• Listen to the questions carefully and attentively.
• Ask the listeners to repeat the questions if they are not clear.
• Try to figure out appropriate answers while the questions are being asked.
• If audience members offer their point of view or suggestion, express appreciation.
• Always be courteous and do not lose your temper.

Speaking is a productive language skill. When we speak in public we are giving a speech or saying something in front of an audience. Many people believe that speaking in public is a terrifying task or a frightening piece of work to be done in front of a group of people. If possible, we would like to avoid this problem entirely but eventually we will need to speak in public to get a certain task accomplished.

To me, speaking in public is not a terrifying task. We are born positive but it is our attitude that makes our life negative. No doubt, the first thing that we usually face when speaking in public is nervousness. It’s normal to be nervous and have a lot of anxiety when speaking in public. Therefore we must understand our fear or nervousness and the only way to conquer fear is doing the things we fear to do. Face the fear and find ways to overcome it and always think positively. In order to over overcome our nervousness, we can always take a deep breath or even exercise such as running around the room or meditate before we speak in public can help us conquer the tension.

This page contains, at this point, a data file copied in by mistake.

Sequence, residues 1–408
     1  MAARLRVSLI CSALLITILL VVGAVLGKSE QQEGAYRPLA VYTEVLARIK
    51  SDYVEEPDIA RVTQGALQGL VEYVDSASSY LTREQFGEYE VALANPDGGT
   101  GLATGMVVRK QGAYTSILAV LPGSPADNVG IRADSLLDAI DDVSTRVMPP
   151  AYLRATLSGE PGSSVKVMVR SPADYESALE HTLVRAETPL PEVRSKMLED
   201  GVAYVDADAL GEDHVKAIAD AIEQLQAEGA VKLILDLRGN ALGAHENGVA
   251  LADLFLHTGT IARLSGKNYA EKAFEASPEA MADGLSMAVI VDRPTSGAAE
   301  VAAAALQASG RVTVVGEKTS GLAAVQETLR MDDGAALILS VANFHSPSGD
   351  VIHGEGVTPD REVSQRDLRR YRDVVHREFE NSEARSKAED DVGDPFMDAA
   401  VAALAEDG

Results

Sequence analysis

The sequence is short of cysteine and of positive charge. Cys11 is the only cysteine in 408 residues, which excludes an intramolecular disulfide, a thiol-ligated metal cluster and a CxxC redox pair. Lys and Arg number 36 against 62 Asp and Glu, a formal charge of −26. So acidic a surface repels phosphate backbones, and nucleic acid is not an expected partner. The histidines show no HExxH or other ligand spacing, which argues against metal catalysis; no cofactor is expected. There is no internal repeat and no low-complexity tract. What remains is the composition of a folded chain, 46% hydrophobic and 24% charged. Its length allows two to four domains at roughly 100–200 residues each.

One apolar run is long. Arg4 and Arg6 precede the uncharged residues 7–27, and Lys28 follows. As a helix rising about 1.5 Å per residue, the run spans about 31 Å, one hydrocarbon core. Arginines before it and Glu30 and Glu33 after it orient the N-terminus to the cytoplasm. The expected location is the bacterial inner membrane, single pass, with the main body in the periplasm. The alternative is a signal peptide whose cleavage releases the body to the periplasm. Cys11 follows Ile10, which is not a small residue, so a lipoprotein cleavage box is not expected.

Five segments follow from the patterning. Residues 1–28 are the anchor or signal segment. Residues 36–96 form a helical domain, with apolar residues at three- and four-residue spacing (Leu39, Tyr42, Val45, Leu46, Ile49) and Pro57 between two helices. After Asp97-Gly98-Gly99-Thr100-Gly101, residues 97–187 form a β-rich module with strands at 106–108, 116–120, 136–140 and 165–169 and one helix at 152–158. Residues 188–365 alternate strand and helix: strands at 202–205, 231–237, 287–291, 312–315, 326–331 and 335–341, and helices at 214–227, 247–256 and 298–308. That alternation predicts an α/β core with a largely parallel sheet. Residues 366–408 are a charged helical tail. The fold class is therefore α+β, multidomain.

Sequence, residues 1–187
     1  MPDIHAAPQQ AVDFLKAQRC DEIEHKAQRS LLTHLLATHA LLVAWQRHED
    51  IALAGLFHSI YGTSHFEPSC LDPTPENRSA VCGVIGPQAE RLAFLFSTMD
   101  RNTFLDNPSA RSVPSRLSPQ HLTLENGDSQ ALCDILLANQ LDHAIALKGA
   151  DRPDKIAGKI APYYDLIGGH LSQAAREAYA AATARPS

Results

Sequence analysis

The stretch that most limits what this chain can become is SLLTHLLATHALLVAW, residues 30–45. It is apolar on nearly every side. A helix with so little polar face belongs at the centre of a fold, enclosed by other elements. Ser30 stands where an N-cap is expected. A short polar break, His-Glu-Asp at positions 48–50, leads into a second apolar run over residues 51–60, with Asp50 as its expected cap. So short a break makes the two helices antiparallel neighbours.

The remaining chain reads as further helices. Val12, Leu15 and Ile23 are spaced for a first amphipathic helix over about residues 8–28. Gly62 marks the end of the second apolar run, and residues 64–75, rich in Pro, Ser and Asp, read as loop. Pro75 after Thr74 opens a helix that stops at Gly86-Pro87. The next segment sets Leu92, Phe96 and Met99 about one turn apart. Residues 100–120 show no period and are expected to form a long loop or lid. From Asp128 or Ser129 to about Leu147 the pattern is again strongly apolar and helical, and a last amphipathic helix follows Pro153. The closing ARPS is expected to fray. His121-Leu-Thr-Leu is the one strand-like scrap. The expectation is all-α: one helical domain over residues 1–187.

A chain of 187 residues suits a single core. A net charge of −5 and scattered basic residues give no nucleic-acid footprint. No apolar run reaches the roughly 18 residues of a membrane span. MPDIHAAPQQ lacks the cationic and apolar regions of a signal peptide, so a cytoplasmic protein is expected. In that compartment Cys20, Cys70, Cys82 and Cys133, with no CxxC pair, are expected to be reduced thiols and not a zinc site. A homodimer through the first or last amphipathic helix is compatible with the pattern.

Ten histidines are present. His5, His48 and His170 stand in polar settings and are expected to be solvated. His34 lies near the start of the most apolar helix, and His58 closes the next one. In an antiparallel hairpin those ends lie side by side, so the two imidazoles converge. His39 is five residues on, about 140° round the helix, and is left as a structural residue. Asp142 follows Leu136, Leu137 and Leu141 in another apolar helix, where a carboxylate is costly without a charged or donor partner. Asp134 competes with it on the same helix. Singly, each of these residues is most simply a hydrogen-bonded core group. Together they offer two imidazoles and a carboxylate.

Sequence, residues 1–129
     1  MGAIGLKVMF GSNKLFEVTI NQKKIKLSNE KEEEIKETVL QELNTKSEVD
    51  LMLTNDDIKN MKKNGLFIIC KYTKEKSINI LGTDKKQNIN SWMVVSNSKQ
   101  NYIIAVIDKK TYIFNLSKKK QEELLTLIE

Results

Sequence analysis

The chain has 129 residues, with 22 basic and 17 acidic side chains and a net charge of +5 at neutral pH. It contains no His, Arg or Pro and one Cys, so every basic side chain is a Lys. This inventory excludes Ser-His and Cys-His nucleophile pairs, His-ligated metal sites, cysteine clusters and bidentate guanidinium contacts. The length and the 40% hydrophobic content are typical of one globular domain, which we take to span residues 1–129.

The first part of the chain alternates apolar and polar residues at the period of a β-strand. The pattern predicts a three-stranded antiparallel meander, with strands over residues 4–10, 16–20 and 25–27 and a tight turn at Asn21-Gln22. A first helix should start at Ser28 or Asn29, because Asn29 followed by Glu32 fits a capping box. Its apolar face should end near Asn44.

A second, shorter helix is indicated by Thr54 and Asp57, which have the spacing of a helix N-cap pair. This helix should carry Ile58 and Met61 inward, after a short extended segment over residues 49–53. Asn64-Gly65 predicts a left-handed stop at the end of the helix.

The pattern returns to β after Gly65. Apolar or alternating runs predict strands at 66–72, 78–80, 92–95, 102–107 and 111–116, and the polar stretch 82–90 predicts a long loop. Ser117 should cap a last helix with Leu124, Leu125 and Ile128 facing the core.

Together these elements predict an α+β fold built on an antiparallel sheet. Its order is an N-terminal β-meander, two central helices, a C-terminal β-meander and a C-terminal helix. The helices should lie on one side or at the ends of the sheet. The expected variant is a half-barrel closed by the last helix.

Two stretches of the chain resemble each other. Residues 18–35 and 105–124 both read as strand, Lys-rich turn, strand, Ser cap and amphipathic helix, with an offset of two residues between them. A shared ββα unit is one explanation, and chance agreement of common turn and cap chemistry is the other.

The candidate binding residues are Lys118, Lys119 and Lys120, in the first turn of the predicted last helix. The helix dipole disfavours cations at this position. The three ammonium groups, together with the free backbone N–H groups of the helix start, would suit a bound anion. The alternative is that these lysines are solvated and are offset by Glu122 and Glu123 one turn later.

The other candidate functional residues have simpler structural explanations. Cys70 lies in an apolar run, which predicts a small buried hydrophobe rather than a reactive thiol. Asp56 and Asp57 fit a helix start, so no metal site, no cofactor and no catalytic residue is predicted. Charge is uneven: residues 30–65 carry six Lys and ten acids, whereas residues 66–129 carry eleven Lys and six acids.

Lack of preparation or confidence is another problem that we usually need to overcome when speaking in public. In fact, confidence comes from early preparation. Therefore we need to be well prepared before speaking in public. As the saying goes, “Practice makes perfect’ and we must always remember that we are speaking for the audience benefit. We should organise our presentation as well as know how to connect it with our audience. Most importantly, we need to know the needs of our audience and match the contents to their needs.


Dodd, J. (Ed.). (1997)The ACS Style Guide: A Manual for Authors and Editors (2nd ed.)Washington, DC: American Chemical Society.

MALAYSIA, Open University (2005). OUMM1303 English for Oral Communicatio. Kuala Lumpur: UNITEM sdn. Bhd

Wilder, L. (1999) 7 Steps to Fearless Speaking New York: John Wiley & Sons